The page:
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The 10 Most Obese States in America (And the Right-Wing Policies That Promote Poor Health)

Republicans promote policies that entrench poverty, and obesity and poverty often go together.

Obesity is a problem all over the country, but the problem is worse in some states than in others. A recent Gallup study presented state-by-state obesity stats and while the research didn't get into politics, one need only scratch the surface to notice that many of the more obese states lean Republican. Of the 10 states Gallup cited as the most obese, eight went for Republican Mitt Romney in the 2012 presidential election: Mississippi, West Virginia, Louisiana, Arkansas, South Carolina, Tennessee, Kentucky and Oklahoma (the exceptions in that top 10 are Ohio and Delaware, both of which Obama won). And except for Montana—which came in at #1 for thinness—all of the 10 states Gallup cited as the least obese are states Obama carried (including Massachusetts, Connecticut, New Mexico, California, Hawaii, Minnesota, Nevada, Colorado and New York).

This is no coincidence: Republicans promote policies that tend to entrench poverty, and obesity and poverty often go together. The Republican-dominated states where obesity rates are the highest are states where one is more apt to find more poverty, weak union protection, an abundance of people who lack health insurance and a strong opposition to the Affordable Care Act of 2010. 

The obesity epidemic in the U.S. can be attributed to a wide variety of factors—not only poverty, lack of health insurance and inadequate access to healthy food, but also everything from sedentary lifestyles to stress. Obesity can’t be blamed exclusively on the conservative policies; there is plenty of obesity in Philadelphia, Baltimore and other Democrat-dominated cities. But Gallup’s poll clearly demonstrates that obesity is widespread in red-state America, and GOP policies, from opposition to healthcare reform to union-busting to cutting food stamps, only exacerbate the problem.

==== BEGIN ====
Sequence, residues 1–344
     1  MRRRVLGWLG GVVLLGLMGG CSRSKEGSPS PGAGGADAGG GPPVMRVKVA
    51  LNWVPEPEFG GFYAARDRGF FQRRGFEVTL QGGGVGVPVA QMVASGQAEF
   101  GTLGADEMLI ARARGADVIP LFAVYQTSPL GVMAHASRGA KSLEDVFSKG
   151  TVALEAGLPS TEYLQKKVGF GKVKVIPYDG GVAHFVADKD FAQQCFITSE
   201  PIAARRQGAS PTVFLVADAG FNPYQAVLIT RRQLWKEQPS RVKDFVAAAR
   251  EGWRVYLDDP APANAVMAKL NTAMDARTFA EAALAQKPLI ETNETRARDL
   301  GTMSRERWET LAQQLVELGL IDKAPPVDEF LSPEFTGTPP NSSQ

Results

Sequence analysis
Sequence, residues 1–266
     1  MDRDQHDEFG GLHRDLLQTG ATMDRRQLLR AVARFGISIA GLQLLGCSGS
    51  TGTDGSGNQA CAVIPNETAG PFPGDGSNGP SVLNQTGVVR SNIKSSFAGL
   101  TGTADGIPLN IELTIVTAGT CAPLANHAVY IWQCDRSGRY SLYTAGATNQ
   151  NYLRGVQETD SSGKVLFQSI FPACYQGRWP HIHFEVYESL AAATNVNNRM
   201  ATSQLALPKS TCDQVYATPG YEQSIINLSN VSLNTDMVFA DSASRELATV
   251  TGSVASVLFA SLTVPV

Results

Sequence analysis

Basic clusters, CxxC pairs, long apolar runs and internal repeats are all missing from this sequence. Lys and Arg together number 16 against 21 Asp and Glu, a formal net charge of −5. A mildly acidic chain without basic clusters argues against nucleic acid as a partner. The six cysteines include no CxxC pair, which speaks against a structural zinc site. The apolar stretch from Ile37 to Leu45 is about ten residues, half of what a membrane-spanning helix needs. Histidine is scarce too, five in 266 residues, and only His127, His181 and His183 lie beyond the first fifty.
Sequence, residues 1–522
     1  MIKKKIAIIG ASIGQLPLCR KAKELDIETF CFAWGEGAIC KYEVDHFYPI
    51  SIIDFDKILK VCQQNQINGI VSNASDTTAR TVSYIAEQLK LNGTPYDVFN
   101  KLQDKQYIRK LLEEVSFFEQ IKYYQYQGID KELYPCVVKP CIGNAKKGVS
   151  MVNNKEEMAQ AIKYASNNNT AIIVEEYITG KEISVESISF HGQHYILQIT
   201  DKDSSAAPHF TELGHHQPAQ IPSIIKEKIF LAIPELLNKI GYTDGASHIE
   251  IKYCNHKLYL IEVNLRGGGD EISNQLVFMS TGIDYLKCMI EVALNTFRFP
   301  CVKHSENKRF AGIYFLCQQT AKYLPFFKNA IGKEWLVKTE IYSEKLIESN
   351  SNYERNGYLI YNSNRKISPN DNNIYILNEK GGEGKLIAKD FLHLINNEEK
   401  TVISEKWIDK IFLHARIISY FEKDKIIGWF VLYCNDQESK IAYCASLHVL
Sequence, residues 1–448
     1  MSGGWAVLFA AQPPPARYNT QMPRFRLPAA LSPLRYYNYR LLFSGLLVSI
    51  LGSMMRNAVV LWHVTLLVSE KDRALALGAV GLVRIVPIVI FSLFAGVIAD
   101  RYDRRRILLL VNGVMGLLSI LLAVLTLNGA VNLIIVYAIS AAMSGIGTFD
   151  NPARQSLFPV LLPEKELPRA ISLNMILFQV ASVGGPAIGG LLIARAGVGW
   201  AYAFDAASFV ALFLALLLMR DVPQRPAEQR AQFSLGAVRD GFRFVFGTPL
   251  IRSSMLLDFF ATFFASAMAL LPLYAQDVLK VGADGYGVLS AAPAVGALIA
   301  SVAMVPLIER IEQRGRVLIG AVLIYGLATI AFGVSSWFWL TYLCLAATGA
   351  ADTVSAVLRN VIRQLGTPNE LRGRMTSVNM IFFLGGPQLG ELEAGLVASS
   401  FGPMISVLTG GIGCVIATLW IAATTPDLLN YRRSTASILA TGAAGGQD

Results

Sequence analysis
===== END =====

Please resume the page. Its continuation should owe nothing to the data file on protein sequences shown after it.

Below are the 10 most obese states with analysis of the economic and political conditions in those states.

1. Mississippi

Mississippi topped Gallup’s list of the U.S.’ most obese states with a 35.4% obesity rate. In other words, one in three Mississippi residents is obese (which is defined as having a body/mass index of 30 or higher). And Mississippi is as Republican as it gets: not since Jimmy Carter’s victory in 1976 has a Democrat carried Mississippi in a presidential race. The U.S.’ most obese state is also its poorest, and Mississippi’s healthcare crisis only makes matters worse: one in five Mississippi residents lacked health insurance in 2013. Regardless, Mississippi Gov. Phil Bryant (a Republican) remains a vehement opponent of the Affordable Care Act, refusing any type of Medicaid expansion via Obamacare in his state. The people who need healthcare reform the most in Mississippi—the obese, the uninsured, the poor, the unemployed or underemployed—are the very people Bryant and other Republicans have turned their backs on.

2. West Virginia

West Virginia has long been a poster child for white rural poverty in the United States, and it isn’t hard to understand why. According to the U.S. Census Bureau, West Virginia (which was 92% white in 2012) had a poverty rate of 17.6% from 2008-2012 compared to 14.9% nationwide. In some West Virginia counties, life expectancy is only slightly higher than it is in Ghana or Haiti—and the fact that West Virginia has the second highest obesity rate in the U.S. (34.4% in Gallup’s poll) certainly isn’t helping West Virginia residents live longer. West Virginia does have a Democratic governor (Earl Ray Tomblin) and Democrats (many of them center-right Blue Dogs) presently dominate West Virginia’s state senate. Nonetheless, Republican ideas are widespread in West Virginia, and Republican Evan Jenkins (a candidate for the U.S. House of Representatives) has been campaigning on repealing the Affordable Care Act. Given West Virginia’s obesity and poverty rates and frighteningly low life expectancy, rolling back healthcare reform is the last thing that state should be doing in 2014.

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